2014-12-31 10:00:00

Russia Police Detain Over 100 Opposition Activists

(Vatican Radio) Russian prominent opposition activist Alexei Navalny and as many as 200 other protesters have been detained at a rally near the Kremlin in central Moscow during one of Russia's boldest demonstrations in years. Navalny had called for protests after his brother was sentenced on charges to jail in what critics viewed as a politically motivated trial. 

Most were later released, but at least eighteen others, including members of a punk provocateur punk band, were arrested early Wednesday after spending the in central Moscow, activists said. 

Listen to the report by correspondent Stefan Bos: 

Thousands of people braved the cold and rallied near Red Square after Alexei Navalny, a leading anti-corruption campaigner and rival of President Vladimir Putin, was found guilty of fraud. He was given a suspended sentence of three-and-a-half years, but his brother Oleg was sent to prison. 

The Navalny brothers were accused of stealing 30 million roubles, around $500,000 at the current exchange rate, from two companies, but they have denied the charges.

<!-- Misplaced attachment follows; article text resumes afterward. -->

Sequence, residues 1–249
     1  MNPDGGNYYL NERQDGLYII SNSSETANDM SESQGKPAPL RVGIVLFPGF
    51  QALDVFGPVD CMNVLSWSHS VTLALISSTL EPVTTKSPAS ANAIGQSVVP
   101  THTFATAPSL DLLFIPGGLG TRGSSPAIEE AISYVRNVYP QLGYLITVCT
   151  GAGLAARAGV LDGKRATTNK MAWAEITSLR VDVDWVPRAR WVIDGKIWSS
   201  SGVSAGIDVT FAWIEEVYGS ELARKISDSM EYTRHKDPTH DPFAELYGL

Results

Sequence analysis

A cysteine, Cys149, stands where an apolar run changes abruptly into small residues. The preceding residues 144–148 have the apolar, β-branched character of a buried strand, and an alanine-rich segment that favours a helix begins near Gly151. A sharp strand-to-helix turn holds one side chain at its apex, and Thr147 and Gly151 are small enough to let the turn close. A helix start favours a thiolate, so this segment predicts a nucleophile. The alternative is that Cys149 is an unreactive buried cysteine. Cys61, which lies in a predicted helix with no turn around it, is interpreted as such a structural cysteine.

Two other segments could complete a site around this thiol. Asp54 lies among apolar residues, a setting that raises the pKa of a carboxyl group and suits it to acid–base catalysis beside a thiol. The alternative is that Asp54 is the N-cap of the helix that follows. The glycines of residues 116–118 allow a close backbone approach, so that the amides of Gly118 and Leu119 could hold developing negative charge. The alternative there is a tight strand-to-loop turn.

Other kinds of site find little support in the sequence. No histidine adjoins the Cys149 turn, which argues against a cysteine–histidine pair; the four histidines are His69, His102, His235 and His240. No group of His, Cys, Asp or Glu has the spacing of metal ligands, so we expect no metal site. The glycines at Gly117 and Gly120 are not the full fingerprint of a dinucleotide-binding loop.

“Aren’t you ashamed?" Alexei Navalny told a Moscow court. "Why are you putting my brother in prison? To punish me even harder? How disgusting!”


Soon after demonstrators took to the streets. Police urged them to disperse and detained up to 200 protesters. Among those detained was Alexei Navalni. He was later brought home where he has been under house arrest since February.

The United States has condemned the crackdown, explained U.S. State Department spokesman Jeff Rathke. "We are troubled by the guilty verdict handed down in the latest action against Alexei and Oleg Navalny," he told reporters.

"The decision is a disturbing development in our view. And, it appears to be designed to further punish and deter political activism," Rathke added. 

It also added to worsening East-West tensions, with the U.S. end the European Union already angered over Russia's perceived support for pro-Russian separatists in Ukraine and its annexation of the Crimean Peninsula. 

Tuesday's verdict had been scheduled for next month, but the court session was abruptly moved forward to the day before New Year's Eve, the main holiday in Russia.

The Kremlin says it has no influence over judges and denies any involvement in the case against the Navalny brothers.   

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